LUCY NDILAI: SHE LEFT TEACH­ING FOR POL­I­TICS

LUCY NDILAI / RE­TIRED PRI­MARY SCHOOL TEACHER AND BUSI­NESS MEN­TOR - Once elected, she says, her ma­jor role as woman MP would be to ad­vo­cate for easy ac­cess to wa­ter for the peo­ple of Ka­ji­ado and com­plete abo­li­tion of fe­male gen­i­tal mu­ti­la­tion.

The Star (Kenya) - - Front Page - KUR­GAT MARINDANY @TheS­tarKenya

A ca­reer teacher, Lucy Ndilai has de­clined the many pro­mo­tions that have come her way be­cause she wanted to have more time with her pupils.

Ndilai loved her pupils, and, as such, she wanted to be close to them all the time. A pro­mo­tion, she feared, would end with her los­ing touch with her pupils.

“The de­ci­sion to re­main was borne out of a strong de­sire to un­der­stand my pupils well,” she ex­plains.

That was her way of prepar­ing for a fu­ture elec­tion to lead­er­ship.

“This is the rea­son I even be­lieve today that for one to be a qual­i­fied leader, that per­son must un­der­stand his/ her sub­jects very well,” adds Ndilai.

As a teacher, she is also an ac­tive mem­ber of her Cal­vary Covenant Church in Ka­ji­ado and spokes­woman for the women mem­bers.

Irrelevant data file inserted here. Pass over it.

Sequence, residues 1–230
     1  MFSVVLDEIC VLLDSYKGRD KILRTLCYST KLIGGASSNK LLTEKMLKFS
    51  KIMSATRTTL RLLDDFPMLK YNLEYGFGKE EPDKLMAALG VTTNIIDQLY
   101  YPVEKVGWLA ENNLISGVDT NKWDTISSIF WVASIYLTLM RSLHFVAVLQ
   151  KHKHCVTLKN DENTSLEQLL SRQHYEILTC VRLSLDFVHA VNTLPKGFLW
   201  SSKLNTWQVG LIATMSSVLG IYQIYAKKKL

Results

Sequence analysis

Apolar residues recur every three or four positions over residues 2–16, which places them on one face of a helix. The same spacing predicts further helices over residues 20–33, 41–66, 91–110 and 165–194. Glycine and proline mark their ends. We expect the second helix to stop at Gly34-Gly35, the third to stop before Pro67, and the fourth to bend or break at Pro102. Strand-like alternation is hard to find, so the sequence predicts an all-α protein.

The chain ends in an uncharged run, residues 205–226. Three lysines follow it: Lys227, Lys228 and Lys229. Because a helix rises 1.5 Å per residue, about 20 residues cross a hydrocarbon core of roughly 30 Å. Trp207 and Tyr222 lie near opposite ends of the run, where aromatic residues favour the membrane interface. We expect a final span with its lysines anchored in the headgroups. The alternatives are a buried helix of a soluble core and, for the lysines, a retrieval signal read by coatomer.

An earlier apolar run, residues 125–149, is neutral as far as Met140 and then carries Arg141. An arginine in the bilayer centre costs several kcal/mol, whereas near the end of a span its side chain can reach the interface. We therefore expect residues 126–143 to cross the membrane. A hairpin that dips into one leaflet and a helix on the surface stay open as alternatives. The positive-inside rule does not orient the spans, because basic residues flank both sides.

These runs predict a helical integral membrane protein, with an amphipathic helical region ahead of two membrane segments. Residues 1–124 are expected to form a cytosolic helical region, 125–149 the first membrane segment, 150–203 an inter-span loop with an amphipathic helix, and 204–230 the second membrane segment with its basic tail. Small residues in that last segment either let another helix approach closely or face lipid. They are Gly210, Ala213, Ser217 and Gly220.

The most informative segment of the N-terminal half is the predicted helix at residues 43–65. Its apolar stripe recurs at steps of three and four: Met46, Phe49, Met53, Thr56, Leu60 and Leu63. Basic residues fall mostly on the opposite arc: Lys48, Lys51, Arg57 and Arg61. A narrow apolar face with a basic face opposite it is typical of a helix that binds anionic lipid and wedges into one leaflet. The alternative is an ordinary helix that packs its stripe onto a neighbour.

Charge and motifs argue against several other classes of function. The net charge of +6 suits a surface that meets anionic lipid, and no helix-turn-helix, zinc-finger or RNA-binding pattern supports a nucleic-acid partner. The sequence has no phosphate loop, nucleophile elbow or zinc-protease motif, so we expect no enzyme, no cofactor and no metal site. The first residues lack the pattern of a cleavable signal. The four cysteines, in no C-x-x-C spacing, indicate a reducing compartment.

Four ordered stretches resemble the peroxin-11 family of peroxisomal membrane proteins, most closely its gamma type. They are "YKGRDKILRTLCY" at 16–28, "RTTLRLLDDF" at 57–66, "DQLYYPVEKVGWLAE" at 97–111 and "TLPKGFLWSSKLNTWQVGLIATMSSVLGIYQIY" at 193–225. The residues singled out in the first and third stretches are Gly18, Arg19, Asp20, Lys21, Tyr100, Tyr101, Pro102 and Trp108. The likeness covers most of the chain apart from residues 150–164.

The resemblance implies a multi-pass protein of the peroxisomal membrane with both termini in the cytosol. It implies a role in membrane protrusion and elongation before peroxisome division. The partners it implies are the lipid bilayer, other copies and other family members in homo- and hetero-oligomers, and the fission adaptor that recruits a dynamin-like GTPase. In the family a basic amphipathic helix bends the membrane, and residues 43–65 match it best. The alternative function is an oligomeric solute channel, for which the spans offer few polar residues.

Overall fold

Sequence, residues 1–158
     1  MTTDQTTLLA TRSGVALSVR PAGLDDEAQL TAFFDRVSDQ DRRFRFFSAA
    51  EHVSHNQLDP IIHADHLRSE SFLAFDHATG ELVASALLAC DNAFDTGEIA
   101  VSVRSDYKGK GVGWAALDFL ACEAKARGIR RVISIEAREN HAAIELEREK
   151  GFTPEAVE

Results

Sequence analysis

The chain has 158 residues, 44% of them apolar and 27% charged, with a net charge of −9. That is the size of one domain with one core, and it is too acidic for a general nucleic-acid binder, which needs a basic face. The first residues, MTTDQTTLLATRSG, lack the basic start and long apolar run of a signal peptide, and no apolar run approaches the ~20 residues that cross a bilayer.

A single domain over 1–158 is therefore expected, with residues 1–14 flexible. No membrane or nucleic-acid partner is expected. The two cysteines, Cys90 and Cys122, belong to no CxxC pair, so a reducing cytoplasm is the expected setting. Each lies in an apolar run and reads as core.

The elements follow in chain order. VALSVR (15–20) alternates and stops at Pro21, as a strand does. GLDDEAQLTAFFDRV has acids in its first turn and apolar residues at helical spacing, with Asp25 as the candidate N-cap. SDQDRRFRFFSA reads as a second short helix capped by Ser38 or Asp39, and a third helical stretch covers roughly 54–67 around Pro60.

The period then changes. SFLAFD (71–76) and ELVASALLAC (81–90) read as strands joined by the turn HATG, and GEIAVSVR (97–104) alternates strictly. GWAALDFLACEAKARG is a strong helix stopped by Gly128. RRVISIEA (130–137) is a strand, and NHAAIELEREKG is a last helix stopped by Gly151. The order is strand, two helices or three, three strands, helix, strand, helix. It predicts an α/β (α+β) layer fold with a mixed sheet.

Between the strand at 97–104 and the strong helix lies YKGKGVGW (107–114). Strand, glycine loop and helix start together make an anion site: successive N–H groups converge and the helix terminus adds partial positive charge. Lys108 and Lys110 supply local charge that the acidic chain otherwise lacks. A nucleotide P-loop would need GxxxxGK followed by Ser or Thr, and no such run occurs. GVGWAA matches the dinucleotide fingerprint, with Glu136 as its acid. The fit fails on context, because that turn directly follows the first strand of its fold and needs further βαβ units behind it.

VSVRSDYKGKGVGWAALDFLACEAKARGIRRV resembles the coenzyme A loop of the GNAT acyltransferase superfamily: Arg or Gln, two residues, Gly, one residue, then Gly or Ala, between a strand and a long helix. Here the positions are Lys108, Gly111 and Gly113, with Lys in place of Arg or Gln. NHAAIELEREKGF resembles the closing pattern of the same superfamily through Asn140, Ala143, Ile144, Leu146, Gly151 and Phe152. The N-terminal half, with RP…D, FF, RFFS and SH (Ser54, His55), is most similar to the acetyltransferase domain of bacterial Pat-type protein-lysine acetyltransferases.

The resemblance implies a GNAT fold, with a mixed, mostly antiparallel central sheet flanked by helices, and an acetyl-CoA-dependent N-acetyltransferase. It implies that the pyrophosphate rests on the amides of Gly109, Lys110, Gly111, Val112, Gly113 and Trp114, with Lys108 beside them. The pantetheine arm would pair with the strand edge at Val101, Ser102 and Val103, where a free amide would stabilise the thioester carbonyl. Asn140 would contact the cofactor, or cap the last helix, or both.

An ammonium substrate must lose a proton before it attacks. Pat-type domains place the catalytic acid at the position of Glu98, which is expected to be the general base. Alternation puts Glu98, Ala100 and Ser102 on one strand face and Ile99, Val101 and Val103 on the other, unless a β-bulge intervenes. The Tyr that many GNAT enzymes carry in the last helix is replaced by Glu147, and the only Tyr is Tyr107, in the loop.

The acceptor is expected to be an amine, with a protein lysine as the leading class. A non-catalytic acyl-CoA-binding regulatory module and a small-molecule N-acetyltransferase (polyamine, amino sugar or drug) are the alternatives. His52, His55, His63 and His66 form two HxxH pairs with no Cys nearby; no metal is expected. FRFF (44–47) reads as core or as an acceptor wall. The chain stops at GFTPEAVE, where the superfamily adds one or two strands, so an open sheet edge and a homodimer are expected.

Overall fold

She also tops up as the Church’s mo­ti­va­tional speaker, the po­si­tion she cher­ishes most.

Ndilai plans to suc­ceed the cur­rent MP, Mary Seneta, who has de­clared she will not de­fend her seat.

She will run on the Or­ange Demo­cratic Move­ment, a plat­form of her de­vel­op­ment achieve­ments and her hu­man rights ac­tivism.

Once elected, she says, her ma­jor role as woman MP would be to ad­vo­cate for easy ac­cess to wa­ter for the peo­ple of Ka­ji­ado and com­plete abo­li­tion of fe­male gen­i­tal mu­ti­la­tion.

“We have had lead­ers who are in their elec­tive po­si­tions and they have failed to ad­dress the is­sue of FGM. They have failed to stamp their au­thor­ity on the mat­ter for fear of los­ing votes.

We can­not af­ford to al­low our girls to un­dergo ret­ro­gres­sive rit­u­als such as FGM be­cause tra­di­tions have stated so,” she ar­gues.

She de­cided to join pol­i­tics af­ter she con­cluded there is “a com­plete dis­con­nect” be­tween the cur­rent lead­ers and the peo­ple they rep­re­sent.

“Some of our lead­ers are preach­ing wa­ter while they take heavy wine. I want to fill the miss­ing link and di­rect our peo­ple to move in the di­rec­tion of up­lift­ing their lives,” said Ndilai.

She ar­gues the Maasai peo­ple of Ka­ji­ado can no longer be sus­tained by the tra­di­tional mode of live­stock keeping be­cause the range­land is shrink­ing each day.

She has been at the fore­front in fight­ing for women at the grass­roots to be fi­nan­cially em­pow­ered. In 2004, she made a trip to the United States, where she con­nected many lo­cal com­mu­nity-based or­ga­ni­za­tions with donors.

She has helped many women’s groups in Ka­ji­ado to ac­cess bank loans and build their busi­nesses for the last 10 years.

“THERE IS A DIS­CON­NECT BE­TWEEN THE CUR­RENT LEAD­ERS AND THE PEO­PLE THEY REP­RE­SENT.”

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